- Logik-Vorlesung: Unveröffentlichte Nachschriften I (Logik Bauch), and Logik-Vorlesung: Unveröffentlichte Nachschriften II (Logik Hechsel, Warschauer Logik)
Between 1755, when he received the venia legendi, and 1796, when he ended his teaching activity, Kant taught logic some 30 times. In accordance with the requirements of the Prussian ministry of culture, his course lectures were built around a recognized text, G. F. Meier's 1752 Auszug aus der Vernunftlehre. Kant did not merely present Meier's views, however, but commented on and criticized these as he thought appropriate; his own copy of Meier was full of marginal notes and interleaved with notes on separate bits of paper. When in 1799 he entrusted G. B. Jäsche with this material for the compiling of a logic text, the thought was presumably of a Kantian logic organized around Meier's framework.
Since logic plays such a prominent role in the Critical philosophy, one would expect the Jäsche logic to be viewed as an important tool for the interpretation of the Critical philosophy. But dissatisfaction with it was evident right from its original publication in 1800, and later scholars were even more negative (in 1913 Erich Adickes referred to it [End Page 603] as "the contrivance [Machwerk]. . . that Jäsche published under the name of Kant's logic," Erich Adickes, quoted in Ak. XXIV.960). And in fact, as Pinder's careful and detailed introduction points out, the nature and origin of the Jäsche logic presented a serious problem for Wilhelm Dilthey's organization of the now-standard Akademie-Ausgabe (Kants gesammelte Schriften, herausgegeben von der königlich preussischen [now: deutschen] Akademie der Wissenschaften. Berlin: de Gruyter, 1902- Cited as "Ak.").
Dilthey conceived of four divisions of the Akademie-Ausgabe: Kant's published writings, his correspondence, his literary remains ("handschriftlicher Nachlass") and his lectures ("Vorlesungen"). Where, exactly, did the Jäsche logic belong? Kant had himself compiled a similar text from his lecture notes on anthropology, and this text was published in the first division (in volume VII). But did the Jäsche logic count as Kant's work? It was indeed authorized by Kant and based on Kant's own lecture notes; but these notes themselves were to be published in the Nachlass division. Furthermore, as it turned out, Jäsche had also employed manuscripts compiled from the lectures themselves, and these were to be published in the Vorlesungen division. This would not include his own transcription, as Erdmann had conjectured. It turns out Jäsche never heard Kant lecture on logic—he was never in Königsberg when they were being held! (xxvi, n. 29). The resulting controversies delayed the publication of the Jäsche logic in vol. IX from 1908 until 1923, after the 1914 publication in the Nachlass division of the notes on which it was based.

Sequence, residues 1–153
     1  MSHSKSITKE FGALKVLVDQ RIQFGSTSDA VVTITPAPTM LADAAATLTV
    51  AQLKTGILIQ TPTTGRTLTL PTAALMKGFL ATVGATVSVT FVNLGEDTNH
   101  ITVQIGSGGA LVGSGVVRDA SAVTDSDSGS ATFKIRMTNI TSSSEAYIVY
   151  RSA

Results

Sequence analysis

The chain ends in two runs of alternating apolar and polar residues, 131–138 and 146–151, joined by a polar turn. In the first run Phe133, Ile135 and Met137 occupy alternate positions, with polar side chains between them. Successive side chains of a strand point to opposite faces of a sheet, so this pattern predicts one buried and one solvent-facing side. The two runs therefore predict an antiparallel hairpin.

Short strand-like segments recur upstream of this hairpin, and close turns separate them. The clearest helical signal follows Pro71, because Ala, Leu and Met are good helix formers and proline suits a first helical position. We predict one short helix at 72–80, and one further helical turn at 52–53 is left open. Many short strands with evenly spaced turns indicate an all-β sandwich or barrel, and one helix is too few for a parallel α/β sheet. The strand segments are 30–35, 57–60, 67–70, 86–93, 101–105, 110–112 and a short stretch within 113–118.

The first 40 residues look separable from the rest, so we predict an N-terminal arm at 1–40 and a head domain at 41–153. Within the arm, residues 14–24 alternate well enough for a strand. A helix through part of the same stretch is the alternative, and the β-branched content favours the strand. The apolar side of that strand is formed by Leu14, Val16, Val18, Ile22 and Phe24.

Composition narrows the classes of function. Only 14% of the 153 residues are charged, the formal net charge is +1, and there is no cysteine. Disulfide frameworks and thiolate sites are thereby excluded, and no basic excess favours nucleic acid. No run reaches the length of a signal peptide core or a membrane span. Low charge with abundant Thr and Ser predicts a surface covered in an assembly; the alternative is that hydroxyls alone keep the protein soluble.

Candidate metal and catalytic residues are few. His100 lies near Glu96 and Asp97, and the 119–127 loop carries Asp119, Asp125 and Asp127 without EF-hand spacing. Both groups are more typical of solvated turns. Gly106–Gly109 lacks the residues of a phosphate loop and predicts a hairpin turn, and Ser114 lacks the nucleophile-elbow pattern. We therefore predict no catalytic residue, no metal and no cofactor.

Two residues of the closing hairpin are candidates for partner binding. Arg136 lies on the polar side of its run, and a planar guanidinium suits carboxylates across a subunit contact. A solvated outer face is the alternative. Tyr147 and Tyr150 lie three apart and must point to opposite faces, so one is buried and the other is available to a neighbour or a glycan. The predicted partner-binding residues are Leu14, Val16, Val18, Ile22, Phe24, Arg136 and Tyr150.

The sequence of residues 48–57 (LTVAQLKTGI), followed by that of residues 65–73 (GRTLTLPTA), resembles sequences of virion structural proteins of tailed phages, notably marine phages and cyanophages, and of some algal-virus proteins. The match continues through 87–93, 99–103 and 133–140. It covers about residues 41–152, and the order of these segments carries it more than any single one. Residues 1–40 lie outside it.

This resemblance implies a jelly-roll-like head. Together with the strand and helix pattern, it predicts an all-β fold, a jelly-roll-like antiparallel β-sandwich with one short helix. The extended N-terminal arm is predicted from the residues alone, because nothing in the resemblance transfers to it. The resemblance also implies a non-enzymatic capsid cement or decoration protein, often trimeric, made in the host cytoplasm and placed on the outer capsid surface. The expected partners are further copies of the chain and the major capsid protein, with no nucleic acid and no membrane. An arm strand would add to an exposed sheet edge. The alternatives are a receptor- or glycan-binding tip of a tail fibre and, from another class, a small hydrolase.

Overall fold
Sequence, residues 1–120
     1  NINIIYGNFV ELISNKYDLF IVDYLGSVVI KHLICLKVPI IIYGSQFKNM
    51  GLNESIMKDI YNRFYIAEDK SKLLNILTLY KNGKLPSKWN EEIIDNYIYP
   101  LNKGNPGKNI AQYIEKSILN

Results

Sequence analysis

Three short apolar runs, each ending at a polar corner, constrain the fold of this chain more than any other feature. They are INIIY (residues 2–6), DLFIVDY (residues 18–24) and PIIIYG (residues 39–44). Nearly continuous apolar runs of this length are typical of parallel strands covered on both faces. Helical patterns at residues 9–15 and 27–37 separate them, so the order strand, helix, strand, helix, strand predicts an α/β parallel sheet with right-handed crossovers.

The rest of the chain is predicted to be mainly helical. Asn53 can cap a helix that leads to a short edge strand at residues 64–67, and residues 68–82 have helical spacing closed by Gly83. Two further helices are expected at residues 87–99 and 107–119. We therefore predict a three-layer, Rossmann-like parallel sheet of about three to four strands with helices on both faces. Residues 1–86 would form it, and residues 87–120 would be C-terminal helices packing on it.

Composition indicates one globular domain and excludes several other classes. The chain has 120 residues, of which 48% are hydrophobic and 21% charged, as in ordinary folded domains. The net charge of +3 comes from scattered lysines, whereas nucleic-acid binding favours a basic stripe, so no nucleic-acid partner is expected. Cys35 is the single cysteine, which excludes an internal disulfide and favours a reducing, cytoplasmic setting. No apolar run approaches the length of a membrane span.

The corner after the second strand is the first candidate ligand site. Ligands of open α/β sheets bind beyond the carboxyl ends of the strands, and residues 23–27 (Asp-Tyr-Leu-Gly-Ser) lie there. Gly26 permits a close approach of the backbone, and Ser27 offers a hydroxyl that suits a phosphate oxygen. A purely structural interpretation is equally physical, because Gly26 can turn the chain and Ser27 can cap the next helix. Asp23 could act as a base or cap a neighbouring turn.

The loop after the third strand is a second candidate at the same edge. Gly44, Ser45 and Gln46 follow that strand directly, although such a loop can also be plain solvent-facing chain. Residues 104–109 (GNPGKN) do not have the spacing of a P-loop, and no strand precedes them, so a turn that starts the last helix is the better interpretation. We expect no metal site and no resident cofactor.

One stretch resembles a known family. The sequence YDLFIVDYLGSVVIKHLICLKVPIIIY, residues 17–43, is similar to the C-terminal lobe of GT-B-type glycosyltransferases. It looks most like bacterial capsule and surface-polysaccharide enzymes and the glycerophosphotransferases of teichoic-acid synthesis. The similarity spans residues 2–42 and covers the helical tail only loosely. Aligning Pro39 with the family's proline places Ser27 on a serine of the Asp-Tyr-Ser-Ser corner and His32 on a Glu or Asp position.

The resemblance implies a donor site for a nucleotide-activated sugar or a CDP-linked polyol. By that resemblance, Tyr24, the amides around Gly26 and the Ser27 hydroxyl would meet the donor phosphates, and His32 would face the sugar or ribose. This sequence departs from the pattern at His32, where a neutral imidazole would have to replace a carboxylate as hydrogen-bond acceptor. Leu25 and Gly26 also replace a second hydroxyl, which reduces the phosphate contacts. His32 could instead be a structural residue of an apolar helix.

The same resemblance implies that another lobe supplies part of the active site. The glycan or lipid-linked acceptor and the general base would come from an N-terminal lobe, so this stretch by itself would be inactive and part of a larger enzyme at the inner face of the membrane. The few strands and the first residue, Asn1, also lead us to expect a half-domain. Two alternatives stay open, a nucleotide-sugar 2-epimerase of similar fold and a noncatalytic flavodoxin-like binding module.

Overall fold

Dilthey's projected Vorlesungen division itself was called into question by Benno Erdmann, Dilthey's successor as Akademie-Ausgabe general editor. Erdmann recognized the questionable nature of the Jäsche logic and the other compilations, but considered Dilthey's aim for a "critically secured" edition of the lecture manuscripts as "hopeless." Still, interest in the manuscripts resulted in their piecemeal publication independently of the Akademie-Ausgabe, and when the Nachlass division's publication had been completed in 1955, the Vorlesungen division was resurrected. Vol. XXIV (in two parts) appeared in 1966; it contained the logics Blomberg, Philippi, Pölitz, Busolt, Dohna-Wundlacken and the Vienna logic, the short logic Herder, and fragments of the lost logics Hintz and Hoffmann. The Pinder volumes reviewed here contain the logics Bauch, Hechsel, and the Warsaw logic.
What exactly are the manuscripts in question? If Kant had been concerned merely to explicate Meier, his students could perhaps have been content with their marginal notes in the text and a few further ones for elucidation. But...